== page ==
18.02.2016 |

International meeting in Brussels discusses Sustainability reporting

In Europe, there are a number of different practices of non-financial reporting. What experiences have stakeholders had with these in the individual member states? Can the various models be harmonized with a view to meeting Europe’s legal framework? And how can the Sustainability Code contribute towards a fundamental international standard for fulfilling this reporting obligation? These questions were discussed by an array of high-ranking international participants at a workshop hosted in Brussels on 15 February.

Held in the Permanent Representation of the Federal Republic of Germany to the European Union, the workshop came about at the invitation of the German Council for Sustainable Development (RNE) and the Greek QualityNet Foundation.
The workshop focused on three core aspects:
  • Sharing experiences gained from using the Sustainability Code in Germany, plus its forthcoming introduction in Greece as part of the “Sustainable Greece 2020” initiative;
  • Discussion of the challenges and practical issues relating to the implementation of the EU directive on the disclosure of non-financial information in countries such as France where corresponding regulations are already in place;
  • Presentation of various approaches to tie in with the implementation of the EU Directive.

The Sustainability Code is becoming internationally accessible

The workshop was organized in light of the fact that the EU Directive is to be transposed into national law in every member state by the end of this year. As of the fiscal year 2017, large undertakings which are public-interest entities with more than 500 employees will be obliged to divulge information relating to environmental, social and employee matters, respect for human rights, anti-corruption and bribery matters. The Sustainability Code is an established instrument for doing this and provides guidance. An external juridical report confirmed in 2015 that the Code was fully compliant with the requirements of the EU Directive. 

RNE is currently in the throes of providing interested EU partners with five access points enabling them to use the Sustainability Code and the related database, both open to being adapted independently to the specific needs of a country.

High-ranking representatives of the EU member states outline targeted approaches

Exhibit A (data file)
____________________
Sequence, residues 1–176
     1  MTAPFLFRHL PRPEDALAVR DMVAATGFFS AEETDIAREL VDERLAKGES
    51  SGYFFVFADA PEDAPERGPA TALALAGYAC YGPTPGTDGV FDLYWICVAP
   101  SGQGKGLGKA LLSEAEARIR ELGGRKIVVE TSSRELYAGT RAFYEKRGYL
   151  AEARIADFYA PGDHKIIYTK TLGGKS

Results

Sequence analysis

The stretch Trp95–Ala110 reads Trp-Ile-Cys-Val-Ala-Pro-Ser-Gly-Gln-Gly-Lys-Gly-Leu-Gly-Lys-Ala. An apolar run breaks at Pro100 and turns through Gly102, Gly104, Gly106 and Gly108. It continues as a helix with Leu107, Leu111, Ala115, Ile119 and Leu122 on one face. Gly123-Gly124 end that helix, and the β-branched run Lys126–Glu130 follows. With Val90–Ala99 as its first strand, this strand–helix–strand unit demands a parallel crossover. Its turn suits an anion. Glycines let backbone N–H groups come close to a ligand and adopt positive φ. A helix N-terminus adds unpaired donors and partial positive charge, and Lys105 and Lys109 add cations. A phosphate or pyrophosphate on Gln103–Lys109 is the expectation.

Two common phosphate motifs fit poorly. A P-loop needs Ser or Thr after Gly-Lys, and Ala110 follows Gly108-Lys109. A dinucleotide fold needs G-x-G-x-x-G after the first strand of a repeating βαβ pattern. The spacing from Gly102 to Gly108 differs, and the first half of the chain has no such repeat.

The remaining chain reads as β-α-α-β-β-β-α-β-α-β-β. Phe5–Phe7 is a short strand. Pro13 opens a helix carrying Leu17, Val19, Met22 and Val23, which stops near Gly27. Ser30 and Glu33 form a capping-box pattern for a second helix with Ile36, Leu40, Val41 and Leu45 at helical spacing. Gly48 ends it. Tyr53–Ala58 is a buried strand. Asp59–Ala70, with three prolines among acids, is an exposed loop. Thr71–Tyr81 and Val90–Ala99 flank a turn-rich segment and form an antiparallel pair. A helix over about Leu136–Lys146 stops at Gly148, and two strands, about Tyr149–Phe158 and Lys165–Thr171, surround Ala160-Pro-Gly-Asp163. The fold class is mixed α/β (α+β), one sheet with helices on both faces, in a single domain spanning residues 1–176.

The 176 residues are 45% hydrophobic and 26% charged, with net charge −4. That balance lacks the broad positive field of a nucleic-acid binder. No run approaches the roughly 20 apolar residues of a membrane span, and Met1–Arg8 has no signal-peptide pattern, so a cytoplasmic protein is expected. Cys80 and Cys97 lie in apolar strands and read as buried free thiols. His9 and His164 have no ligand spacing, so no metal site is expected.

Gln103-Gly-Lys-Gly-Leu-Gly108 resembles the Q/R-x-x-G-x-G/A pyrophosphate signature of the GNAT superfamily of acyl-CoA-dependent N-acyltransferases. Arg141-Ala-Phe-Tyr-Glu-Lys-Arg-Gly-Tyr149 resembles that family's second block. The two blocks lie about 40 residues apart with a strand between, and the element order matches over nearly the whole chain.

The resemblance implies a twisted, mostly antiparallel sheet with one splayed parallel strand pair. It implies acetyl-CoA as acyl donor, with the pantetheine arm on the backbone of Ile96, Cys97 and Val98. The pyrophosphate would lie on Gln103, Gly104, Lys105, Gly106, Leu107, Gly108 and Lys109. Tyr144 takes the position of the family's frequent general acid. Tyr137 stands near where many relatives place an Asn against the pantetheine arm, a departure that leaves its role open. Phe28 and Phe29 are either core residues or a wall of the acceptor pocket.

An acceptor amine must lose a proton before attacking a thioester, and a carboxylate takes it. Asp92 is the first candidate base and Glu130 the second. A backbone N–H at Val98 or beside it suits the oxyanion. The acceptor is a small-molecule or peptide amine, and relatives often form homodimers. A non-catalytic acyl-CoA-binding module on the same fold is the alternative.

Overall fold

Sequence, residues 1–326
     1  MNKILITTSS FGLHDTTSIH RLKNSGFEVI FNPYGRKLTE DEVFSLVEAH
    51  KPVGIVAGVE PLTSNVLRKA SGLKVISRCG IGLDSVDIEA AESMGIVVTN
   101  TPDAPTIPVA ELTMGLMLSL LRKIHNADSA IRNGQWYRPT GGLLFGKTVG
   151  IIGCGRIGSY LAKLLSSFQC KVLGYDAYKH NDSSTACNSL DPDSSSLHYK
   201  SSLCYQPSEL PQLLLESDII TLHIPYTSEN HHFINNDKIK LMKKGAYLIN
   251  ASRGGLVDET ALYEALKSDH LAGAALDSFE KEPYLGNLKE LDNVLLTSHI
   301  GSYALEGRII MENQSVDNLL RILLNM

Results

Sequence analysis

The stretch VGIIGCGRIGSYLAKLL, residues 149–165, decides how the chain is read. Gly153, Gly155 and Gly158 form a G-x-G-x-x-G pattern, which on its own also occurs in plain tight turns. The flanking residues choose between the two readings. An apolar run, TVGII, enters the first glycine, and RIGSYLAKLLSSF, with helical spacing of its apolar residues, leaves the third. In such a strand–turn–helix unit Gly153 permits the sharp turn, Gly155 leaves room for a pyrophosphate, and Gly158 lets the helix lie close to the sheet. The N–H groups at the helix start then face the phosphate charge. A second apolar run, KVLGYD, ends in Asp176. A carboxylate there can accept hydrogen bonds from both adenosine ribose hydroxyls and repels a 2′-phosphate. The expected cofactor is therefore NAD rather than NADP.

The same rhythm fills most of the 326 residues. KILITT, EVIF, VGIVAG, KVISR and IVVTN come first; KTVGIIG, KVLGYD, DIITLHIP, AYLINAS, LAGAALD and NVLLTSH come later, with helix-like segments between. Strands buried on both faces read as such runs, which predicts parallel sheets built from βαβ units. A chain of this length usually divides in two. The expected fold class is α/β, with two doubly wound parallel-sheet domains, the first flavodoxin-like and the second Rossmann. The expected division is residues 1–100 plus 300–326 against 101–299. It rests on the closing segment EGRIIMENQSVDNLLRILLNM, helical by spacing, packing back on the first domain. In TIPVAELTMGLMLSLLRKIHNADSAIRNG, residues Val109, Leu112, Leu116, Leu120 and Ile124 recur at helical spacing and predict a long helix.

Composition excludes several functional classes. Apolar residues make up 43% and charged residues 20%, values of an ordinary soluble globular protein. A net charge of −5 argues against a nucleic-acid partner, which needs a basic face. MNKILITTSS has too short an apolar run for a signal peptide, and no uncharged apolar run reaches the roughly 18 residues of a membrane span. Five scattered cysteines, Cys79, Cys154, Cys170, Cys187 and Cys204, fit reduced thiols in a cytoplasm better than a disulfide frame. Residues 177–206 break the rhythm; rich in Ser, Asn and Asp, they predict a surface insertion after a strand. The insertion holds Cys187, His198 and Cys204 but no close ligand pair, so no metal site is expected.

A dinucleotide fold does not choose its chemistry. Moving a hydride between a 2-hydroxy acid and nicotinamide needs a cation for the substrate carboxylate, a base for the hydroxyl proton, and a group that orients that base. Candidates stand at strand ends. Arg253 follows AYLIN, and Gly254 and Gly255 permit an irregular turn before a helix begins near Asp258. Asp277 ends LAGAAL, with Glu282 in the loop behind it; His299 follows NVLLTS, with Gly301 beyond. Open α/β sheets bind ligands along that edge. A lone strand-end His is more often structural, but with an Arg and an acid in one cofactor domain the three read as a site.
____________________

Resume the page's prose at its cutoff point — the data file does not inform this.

The German Council for Sustainable Development was able to secure the participation of high-ranking representatives from trade and industry, politics and civil society from across Europe for the event. Around 70 participants from ten countries discussed what approaches could be adopted to transition into future sustainability reporting. RNE Chairwoman, Marlehn Thieme, called on politicians and businesses alike to lend their resolute support to sustainable development. Nicolas Bernier Abad from the European Commission outlined the goals of the EU Directive as well as the next steps to be taken in seeking a non-binding guideline as to how the reporting obligation can be fulfilled. This is expected to be presented by the end of 2016.

Karl Falkenberg, Senior Advisor to the European Political Strategy Centre (EPSC, Belgium) dealing with Sustainable Development, believes that the event was relevant in terms of the broader context of the Sustainable Development Goals (SDGs): “According to UNEP, the majority of all sustainability indicators develop negatively. The result is immense damage and harm that are great financial risks. This equally applies to the EU. Implementing the SDGs is therefore an agenda of change for which we require valid transparency and clear, aspirational goals that we need to agree on.”

The event was a complete success for RNE: it follows on from the European soiree held in Berlin in January 2015 and furthers the discussion surrounding the disclosure of non-financial information at the European level. “It was important to bring representatives from politics, business, investors, the EU Commission and non-governmental organizations to the same table in Brussels”, said Marlehn Thieme. “This is the only way that we can hone in on achieving a common understanding of what effective sustainable actions on the part of companies entails.”
 

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